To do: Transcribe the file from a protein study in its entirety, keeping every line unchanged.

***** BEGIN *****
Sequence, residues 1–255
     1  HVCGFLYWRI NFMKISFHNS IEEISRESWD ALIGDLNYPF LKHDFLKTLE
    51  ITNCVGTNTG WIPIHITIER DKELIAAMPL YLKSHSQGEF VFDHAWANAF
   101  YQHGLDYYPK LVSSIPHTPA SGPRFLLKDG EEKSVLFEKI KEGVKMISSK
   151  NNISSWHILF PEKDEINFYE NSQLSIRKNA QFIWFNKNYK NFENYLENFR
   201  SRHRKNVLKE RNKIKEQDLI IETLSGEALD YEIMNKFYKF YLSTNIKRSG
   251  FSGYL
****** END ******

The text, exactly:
Sequence, residues 1–255
     1  HVCGFLYWRI NFMKISFHNS IEEISRESWD ALIGDLNYPF LKHDFLKTLE
    51  ITNCVGTNTG WIPIHITIER DKELIAAMPL YLKSHSQGEF VFDHAWANAF
   101  YQHGLDYYPK LVSSIPHTPA SGPRFLLKDG EEKSVLFEKI KEGVKMISSK
   151  NNISSWHILF PEKDEINFYE NSQLSIRKNA QFIWFNKNYK NFENYLENFR
   201  SRHRKNVLKE RNKIKEQDLI IETLSGEALD YEIMNKFYKF YLSTNIKRSG
   251  FSGYL